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Stedman and Hutchinson, comps. A Library of American Literature:
An Anthology in Eleven Volumes. 1891.
Vols. IX–XI: Literature of the Republic, Part IV., 1861–1889

In Praise of Mistress Bradstreet

By Nathaniel Ward (1578–1652)

[Prefixed to the Collection of Her Poems, “The Tenth Muse.” 1650.]

MERCURY show’d Apollo, Bartas’ book,

Minerva this, and wish’d him well to look,

And tell uprightly, which did which excel:

He view’d and view’d, and vow’d he could not tell.

They bid him hemisphere his mouldy nose,

With ’s crack’d leering glasses, for it would pose

The best brains he had in ’s old pudding-pan,

Sex weigh’d, which best, the woman or the man?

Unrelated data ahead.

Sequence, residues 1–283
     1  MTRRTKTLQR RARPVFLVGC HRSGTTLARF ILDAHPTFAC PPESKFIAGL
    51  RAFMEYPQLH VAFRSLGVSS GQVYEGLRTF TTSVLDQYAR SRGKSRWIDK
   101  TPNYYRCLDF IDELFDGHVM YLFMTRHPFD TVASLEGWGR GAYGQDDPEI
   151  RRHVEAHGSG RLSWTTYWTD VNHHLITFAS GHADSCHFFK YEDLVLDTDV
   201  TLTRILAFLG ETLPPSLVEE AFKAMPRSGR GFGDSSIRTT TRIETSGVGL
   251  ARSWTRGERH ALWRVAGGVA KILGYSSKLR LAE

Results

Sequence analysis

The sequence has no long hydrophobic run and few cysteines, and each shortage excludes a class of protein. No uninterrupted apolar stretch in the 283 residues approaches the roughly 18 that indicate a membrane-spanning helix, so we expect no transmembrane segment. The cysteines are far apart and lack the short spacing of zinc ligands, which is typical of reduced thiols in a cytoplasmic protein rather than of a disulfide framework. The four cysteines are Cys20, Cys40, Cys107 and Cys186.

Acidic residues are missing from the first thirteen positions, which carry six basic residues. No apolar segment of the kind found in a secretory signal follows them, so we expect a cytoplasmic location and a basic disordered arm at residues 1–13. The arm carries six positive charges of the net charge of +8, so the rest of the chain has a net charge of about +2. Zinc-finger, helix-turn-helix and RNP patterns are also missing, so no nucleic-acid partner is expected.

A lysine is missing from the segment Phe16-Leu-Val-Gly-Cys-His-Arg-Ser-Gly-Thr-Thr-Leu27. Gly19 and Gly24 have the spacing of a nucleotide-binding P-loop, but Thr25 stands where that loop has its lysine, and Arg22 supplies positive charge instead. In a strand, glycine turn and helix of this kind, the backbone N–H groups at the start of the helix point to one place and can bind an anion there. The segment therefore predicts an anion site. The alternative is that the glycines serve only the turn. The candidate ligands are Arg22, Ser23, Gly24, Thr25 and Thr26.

He peer’d, and por’d, and glar’d, and said for wore,

I ’m even as wise now, as I was before.

They both ’gan laugh, and said, it was no mar’l

The auth’ress was a right Du Bartas girl.

Good sooth, quoth the old Don, tell me ye so,

I muse whither at length these girls will go.

It half revives my chill frost-bitten blood,

To see a woman once do aught that ’s good;

And chode by Chaucer’s boots and Homer’s furs,

Let men look to ’t, lest women wear the spurs.